I have been thinking a lot about the way that our world is designed to enhance knowledge and wisdom. The current paradigm for accumulating our understanding of the world is to have various individuals designated to specialize in certain areas of the puzzle and then commune again after studying separately and work to form a cohesive whole. This is the true essence of the process of analysis — to pick apart, examine the constituents, and then put the subject of the analysis together again. However, it seems like this model, although pragmatically quite a marvel, is really insufficient.
That is, what are we really getting out of it? What is the end result?
I know that many scholars and scientists will retort that it is clear and evident that this paradigm works. After all, we have been able to combine the fields of biology and chemistry and the expertise there to create various pharmaceuticals and neuroactive compounds that have enhanced the well-being of humankind. If you combine a knowledge of the ecosystem with that of economy or anthropology, you might be able to come up with a sustainable system to create balance between resources, allotment of funds, and lifestyles. I mean, the examples are endless…
And though I agree with all of this, it still doesn’t make a lot of sense to approach one issue or topic from several different specialties and expect to get a super-conscious that can put it all together.
Let’s say you write a paper on consciousness and you have six individuals designated to explore various dynamics of consciousness, say (mostly arbitrary)…imagination, dreaming, dissociation, memory, learning, and emoting. Each individual studies his or her designated aspect of consciousness exclusively with some cursory interconnections to the other aspects of consciousness (because the goal is to specialize!). When the individuals come together again, we form a document of their “findings”. Each person writes a page summarizing his or her findings. In order for this process to be beneficial, the individuals would have to discuss endlessly what they found and how it inter-related. And even better, the individuals would have to rotate so that the person who previously studied imagination is now studying dissociation, and so on until each aspect has been explored by each person. THEN they can reconvene and discuss how it all fits together.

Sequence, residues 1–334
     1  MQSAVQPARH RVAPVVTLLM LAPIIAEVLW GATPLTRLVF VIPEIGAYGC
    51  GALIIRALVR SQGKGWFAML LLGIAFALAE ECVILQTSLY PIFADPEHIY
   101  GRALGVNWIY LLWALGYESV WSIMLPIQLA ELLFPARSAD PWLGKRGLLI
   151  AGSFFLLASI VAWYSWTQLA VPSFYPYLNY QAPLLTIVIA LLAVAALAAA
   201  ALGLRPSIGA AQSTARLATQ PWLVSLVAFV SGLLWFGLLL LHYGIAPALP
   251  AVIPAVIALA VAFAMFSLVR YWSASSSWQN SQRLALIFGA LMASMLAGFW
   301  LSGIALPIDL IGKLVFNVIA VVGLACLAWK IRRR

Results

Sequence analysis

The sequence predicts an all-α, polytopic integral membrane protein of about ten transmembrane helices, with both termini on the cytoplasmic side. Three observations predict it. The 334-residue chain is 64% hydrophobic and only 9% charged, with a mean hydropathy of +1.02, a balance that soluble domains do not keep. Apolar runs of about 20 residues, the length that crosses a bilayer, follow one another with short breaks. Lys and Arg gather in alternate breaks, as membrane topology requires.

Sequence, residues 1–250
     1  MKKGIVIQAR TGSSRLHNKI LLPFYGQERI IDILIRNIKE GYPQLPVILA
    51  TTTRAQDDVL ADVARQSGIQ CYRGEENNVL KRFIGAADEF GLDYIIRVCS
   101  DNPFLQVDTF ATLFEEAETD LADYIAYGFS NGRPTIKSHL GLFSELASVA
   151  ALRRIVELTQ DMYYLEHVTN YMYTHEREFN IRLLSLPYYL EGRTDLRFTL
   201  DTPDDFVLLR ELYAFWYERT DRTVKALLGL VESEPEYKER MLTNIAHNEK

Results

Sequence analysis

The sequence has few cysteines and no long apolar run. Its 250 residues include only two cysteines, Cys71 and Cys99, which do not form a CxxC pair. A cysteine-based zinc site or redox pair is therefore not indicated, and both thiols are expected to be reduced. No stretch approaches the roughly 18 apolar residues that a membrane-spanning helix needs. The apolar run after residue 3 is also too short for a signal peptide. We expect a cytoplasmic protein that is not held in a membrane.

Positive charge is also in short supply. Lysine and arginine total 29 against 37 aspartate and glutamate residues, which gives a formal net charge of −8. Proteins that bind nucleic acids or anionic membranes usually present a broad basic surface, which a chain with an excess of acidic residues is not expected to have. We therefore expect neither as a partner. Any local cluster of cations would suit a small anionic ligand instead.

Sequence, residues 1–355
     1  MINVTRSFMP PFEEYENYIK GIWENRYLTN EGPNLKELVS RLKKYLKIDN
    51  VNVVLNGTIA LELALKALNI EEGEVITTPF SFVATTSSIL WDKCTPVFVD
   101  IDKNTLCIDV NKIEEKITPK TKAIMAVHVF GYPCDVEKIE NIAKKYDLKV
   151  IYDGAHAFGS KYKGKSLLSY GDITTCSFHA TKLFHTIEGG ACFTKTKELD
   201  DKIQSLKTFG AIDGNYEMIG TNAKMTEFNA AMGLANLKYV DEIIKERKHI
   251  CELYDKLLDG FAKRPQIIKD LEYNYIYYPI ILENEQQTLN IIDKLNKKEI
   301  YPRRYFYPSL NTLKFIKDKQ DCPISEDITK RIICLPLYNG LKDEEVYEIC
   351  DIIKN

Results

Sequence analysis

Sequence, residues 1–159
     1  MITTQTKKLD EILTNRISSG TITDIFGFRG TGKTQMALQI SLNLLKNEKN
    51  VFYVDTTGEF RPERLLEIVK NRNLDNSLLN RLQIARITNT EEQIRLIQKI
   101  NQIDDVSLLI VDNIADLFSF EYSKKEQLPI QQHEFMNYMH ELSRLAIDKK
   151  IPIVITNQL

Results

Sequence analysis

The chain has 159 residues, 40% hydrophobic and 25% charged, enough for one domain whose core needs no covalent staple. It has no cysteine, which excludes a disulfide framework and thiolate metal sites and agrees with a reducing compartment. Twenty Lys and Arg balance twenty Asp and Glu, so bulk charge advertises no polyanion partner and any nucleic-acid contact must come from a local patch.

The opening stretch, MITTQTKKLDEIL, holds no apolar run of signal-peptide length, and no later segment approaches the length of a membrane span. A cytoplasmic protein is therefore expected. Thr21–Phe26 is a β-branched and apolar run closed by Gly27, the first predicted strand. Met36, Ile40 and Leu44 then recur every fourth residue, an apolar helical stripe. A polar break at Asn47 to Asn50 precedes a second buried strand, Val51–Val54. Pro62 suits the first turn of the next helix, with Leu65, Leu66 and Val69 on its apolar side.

More importantly, I think that there is this implicit assumption in our modern worldview that somehow if we get enough minds coming together and honing in on one topic then at some point there will be a super-consciousness created that has a total knowledge which is much more than the sum of its parts. However, how can this be? An external audience member reading the report created by researchers working in this manner will be 25% informed on each dynamic covered in the report. It is not as though by merging this expertise together that somehow the end result will be an understanding of greater than 100% for the total subject.
I have found recently, also, that when I was a student I had a different mindset about approaching my subject of study. I would focus in to the finest detail of what I was studying and learn my way though the subject as though taking a telescope and gradually reducing the magnification. Is this model really all that functional? I mean, it is very common and it seems to be very useful..but I wonder if it is really the best way. Why do we ever need to look at the world through a telescope when it is always right here? Further, why do we need to “internalize”…or perhaps, really, externalize (through abstraction and dissociation) through representation a world that is already here?